Photographs by Tyson Elder
Victoria, BC often gets forgotten on small Pacific Northwest tours, especially when it comes to bands from the states. That isn’t the case with The Cave Singers. At least once or twice a year, Pete Quirk and company make their way to our Island. Whether it’s here in Victoria or at Ucluelet’s Otalith Music Festival, it’s fair to say the band loves this part of the world.
We’ve heard that the buffet on BC Ferries helps get them to Victoria too. Quite a step up from the bare bones ferries in Washington State.
Sugar Nightclub was unbearably dark and noisy. The crowd hovered at the back of the room near the bar, never quite making it to the dance floor for Kathryn Calder’s set. The only folks on the dance floor were the two photographers on assignment struggling to get something usable in the darkness.
Local musician Kathryn Calder might be best known for her contributions to The New Pornographers, but it is her solo music where she truly shines. Her music ranges from fun pop songs to slightly folky indie gems.
As the crowd talked louder and louder at the back of the room, Kathryn Calder’s set grew louder as well. Moving through tried and true songs from her first two solo records, “Are You My Mother?” and “Bright & Vivid” into the uncharted territory of her new self-titled record due out this April.
Not only was this the first time that anyone has really gotten a chance to hear these new songs, but it was also the first time this formation of Kathryn Calder’s band had played together live. So it was quite surprising to hear how in sync the band seemed to be.
Judging by the last two songs of Kathryn’s set, “Take a Little Time” and “When You See My Blood!,” her new record is going to be a quite different from her other records. Both songs were exciting to hear and see live as they build into heavy, bombastic sounds full of fuzz.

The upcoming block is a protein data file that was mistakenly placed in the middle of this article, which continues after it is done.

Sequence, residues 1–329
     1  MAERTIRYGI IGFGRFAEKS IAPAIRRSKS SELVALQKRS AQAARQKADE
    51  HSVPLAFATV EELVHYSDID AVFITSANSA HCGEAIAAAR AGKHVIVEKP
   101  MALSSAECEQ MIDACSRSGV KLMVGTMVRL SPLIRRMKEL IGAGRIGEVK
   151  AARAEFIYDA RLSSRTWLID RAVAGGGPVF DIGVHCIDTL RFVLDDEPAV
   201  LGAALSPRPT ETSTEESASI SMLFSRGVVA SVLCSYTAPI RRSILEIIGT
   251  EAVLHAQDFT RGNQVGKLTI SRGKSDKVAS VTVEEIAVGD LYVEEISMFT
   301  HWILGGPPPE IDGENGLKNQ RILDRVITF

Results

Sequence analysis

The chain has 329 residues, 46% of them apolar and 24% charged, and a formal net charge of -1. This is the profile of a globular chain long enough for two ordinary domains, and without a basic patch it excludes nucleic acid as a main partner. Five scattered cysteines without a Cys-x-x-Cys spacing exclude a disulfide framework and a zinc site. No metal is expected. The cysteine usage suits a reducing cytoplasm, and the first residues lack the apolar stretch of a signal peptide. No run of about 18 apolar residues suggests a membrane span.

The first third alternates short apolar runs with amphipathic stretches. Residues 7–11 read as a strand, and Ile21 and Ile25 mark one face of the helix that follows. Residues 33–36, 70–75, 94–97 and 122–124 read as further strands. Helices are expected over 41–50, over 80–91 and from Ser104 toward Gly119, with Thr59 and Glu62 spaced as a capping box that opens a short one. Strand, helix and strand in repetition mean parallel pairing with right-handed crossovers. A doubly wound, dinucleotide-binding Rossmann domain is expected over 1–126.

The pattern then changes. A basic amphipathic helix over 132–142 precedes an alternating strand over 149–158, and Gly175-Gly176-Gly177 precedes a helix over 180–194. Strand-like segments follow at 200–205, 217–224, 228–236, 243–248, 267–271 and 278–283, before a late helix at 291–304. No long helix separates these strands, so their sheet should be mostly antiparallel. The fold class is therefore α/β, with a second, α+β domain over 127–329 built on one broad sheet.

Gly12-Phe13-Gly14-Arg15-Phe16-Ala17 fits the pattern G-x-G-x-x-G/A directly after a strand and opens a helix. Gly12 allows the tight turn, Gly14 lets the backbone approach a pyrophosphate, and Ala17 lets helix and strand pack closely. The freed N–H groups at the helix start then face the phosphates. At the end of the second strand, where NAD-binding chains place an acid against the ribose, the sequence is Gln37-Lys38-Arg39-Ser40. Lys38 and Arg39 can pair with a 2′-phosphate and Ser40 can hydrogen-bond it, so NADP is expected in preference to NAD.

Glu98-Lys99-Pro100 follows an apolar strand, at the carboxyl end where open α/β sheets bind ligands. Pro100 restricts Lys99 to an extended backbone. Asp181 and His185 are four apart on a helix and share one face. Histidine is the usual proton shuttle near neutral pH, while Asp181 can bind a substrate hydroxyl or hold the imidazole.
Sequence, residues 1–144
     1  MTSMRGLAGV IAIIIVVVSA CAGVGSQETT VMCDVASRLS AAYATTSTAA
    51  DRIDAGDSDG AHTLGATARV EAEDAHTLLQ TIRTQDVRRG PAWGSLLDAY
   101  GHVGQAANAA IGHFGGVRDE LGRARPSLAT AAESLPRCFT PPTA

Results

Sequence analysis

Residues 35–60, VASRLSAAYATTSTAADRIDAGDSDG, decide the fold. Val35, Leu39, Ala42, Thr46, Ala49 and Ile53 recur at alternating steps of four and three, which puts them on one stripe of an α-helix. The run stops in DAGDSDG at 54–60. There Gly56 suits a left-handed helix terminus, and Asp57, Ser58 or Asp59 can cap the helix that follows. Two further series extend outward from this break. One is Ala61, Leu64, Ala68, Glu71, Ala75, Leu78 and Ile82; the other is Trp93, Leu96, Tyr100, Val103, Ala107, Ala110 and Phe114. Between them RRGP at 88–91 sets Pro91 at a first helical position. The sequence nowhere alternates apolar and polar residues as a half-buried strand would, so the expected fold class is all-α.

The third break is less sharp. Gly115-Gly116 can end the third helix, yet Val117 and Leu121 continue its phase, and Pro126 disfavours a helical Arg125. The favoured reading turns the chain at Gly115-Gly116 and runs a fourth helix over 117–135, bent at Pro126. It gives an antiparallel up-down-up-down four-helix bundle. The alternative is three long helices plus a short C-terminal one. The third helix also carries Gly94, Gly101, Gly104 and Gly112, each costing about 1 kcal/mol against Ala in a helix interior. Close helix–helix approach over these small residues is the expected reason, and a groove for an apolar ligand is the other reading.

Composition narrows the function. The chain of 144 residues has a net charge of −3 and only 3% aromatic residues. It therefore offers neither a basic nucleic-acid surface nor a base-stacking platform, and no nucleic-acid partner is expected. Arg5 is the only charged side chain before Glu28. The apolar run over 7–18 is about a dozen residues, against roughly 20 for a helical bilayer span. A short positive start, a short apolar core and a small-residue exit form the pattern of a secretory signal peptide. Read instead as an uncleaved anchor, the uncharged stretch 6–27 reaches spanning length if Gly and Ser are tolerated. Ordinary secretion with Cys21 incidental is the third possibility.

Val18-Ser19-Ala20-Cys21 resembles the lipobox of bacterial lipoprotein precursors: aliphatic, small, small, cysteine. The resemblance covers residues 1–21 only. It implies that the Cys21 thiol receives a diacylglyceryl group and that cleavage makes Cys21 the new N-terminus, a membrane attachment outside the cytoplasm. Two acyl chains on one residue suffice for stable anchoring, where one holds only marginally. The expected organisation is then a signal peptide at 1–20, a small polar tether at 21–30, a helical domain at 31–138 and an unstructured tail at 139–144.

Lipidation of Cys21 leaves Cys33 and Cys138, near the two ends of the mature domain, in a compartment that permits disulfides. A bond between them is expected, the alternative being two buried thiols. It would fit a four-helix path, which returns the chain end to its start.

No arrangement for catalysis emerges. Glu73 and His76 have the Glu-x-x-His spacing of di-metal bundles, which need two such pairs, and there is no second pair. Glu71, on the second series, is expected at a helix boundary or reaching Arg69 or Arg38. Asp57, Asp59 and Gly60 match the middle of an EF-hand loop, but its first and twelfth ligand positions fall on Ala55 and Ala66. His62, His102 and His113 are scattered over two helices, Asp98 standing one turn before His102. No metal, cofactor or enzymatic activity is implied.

They left the crowd wanting more, even though very few had made it to the dance floor. Most were sitting on the stairs or in the chairs that management had brought down to entice people to come closer to the stage.
The last time The Cave Singers played at Sugar Nightclub, the night was filled with sound issues, and it really seemed to affect their performance. Luckily, those issues had been resolved this time around, so the three-piece could really give it their all.
Unlike Kathryn Calder’s set, the dance floor was filled with people for The Cave Singers, and most of them were doing their impression of dancing. There was certainly an Elaine Benes or two in that group.
It was overheard somewhere that “seeing The Cave Singers is my church!” Adding the religious sentiment to their set might have explained some of the dancing, and that one girl who was speaking in tongues. In all seriousness though, it’s interesting how transfixed you can get on Peter Quirk’s vocal styling and movements.The band is quite dynamic, capturing your attention as they switch instruments, or while Derek Fudesco plays guitar and bass pedals at the same time.
There have been unconfirmed rumours floating around the internet about the Cave Singers working on new music for a follow up to 2013’s “Naomi,” and they’ve been exactly that: rumours.
Or, at least, it was until their show at Victoria’s Sugar Nightclub, when they energetically debuted a new song, having only played it live once before in Spokane the previous evening. Unfortunately, you couldn’t hear the song title when Peter mentioned it because the crowd was talking so loud.
Through and through, The Cave Singers continue to be a dynamic and sonically interesting band to see live. There are always new surprises waiting in their sets and arrangements, no matter how many times you see them live. It’s encouraging when a band can stay fresh and interesting to a crowd of new and old fans.
Excitement is already brewing for the band’s next island appearance, this August in Tofino for a Otalith Music Festival preparty. It’s a day before the festival, and only available to those who buy presale tickets.